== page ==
10 Cutting-edge Mobile Application Trends for 2012
Mobile applications will increasingly define the user experience on high-end devices.
IT executives have been watching with interest the role app stores are playing in driving all the excitement over mobile computing. In particular, what they find most interesting is how users are starting to combine apps on their mobile devices to create a custom processor for either work or play.
What's interesting about this from an IT perspective, says Wayne Mekjian, executive vice president and CIO for Wells Fargo & Company, is that it highlights the importance of rolling out application functionality in a modular way that makes it easy to business users to innovate. Instead of building massive applications to reflect some massive business process, Mekjian says IT organizations would do well to note the power of making discrete functionality available in a way that allows end users to create their own processes.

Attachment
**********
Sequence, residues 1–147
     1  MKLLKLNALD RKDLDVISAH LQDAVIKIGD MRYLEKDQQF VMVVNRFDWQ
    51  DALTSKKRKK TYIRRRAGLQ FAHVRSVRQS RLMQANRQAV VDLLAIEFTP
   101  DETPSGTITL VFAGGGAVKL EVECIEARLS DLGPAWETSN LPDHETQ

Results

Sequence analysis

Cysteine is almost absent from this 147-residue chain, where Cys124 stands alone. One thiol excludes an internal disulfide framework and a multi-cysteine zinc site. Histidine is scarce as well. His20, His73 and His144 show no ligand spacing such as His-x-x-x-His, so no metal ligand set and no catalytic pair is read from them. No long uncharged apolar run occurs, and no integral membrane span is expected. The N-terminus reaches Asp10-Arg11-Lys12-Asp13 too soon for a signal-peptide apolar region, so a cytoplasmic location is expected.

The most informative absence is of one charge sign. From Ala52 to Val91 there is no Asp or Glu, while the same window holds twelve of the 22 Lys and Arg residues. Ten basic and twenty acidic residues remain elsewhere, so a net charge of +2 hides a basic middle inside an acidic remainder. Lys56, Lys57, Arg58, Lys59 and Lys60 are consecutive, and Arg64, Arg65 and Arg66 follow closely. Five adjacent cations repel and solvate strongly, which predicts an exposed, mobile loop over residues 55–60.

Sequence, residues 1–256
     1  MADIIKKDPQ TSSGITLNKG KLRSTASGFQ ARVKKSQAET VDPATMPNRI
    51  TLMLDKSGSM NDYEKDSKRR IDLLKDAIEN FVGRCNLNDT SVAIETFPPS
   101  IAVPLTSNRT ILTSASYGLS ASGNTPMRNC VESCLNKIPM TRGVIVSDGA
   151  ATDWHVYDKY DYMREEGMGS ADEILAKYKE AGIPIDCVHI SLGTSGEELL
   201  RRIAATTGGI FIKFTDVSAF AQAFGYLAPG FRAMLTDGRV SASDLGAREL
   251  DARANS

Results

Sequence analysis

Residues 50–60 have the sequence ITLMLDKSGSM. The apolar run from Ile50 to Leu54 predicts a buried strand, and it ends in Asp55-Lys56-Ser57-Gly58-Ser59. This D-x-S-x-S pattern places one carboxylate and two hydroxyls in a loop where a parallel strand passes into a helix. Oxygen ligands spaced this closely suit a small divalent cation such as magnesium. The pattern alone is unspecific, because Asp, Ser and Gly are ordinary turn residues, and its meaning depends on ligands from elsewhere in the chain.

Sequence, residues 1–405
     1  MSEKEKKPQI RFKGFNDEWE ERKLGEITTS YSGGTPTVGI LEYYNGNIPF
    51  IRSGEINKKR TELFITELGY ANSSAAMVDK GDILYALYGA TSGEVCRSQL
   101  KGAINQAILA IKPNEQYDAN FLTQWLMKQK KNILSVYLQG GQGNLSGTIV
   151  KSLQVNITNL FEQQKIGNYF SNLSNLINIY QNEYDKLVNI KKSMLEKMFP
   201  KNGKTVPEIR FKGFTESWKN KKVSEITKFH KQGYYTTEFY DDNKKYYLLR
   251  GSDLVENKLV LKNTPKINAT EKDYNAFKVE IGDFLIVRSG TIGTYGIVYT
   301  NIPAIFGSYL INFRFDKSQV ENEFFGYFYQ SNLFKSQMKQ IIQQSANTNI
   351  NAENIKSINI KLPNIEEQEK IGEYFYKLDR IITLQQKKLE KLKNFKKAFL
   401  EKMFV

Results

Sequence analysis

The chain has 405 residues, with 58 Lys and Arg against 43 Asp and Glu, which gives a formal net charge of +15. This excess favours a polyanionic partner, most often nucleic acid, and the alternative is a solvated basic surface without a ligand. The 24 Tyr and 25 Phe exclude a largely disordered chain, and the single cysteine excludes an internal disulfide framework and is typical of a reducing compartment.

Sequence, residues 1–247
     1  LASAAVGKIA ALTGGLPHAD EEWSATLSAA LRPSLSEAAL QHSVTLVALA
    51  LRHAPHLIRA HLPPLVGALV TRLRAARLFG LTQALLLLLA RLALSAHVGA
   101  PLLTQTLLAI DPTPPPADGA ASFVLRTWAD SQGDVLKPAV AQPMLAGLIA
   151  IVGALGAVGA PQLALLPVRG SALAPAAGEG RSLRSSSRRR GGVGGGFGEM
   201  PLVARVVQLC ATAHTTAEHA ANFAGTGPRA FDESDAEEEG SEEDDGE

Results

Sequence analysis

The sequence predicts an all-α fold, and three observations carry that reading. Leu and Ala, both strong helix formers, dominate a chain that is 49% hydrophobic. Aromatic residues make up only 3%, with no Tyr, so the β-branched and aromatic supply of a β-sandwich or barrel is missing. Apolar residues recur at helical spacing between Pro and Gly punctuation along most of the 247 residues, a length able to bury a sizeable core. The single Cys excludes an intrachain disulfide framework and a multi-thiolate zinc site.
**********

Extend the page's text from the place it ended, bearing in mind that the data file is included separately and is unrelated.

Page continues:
There's really no way that the IT organization can know how the business is going to want to evolve, says Mekjian. The real issue is finding a way to empower those users to come up with innovative processes using modular sets of applications that can be centrally managed. To that end, Wells Fargo is now re-examining its portfolios of mobile computing applications with an eye towards improving the application programming interfaces in a way that will allow business users and customers to "mash up widgets" in ways no one might initially think.
Mekjian adds that over time, business process management (BPM) across the enterprise is going to be equally modular with an eye towards giving the business the maximum flexibility possible to create innovative business processes with the IT part of that equation not having to slow them down. And when you add technologies such as global positioning systems to enterprise applications, Mekjian expects that we will see a whole new dimension added to what today are pretty much two-dimensional enterprise applications.
Given the mountains of monolithic legacy applications in the enterprise, what Mekjian is describing is a fairly tall order. But it's also clear that the way mobile applications have been designed provides some inherent productivity benefits. So don't be too surprised when the enterprise applications portfolio of tomorrow looks a lot like the Apple App Store of today.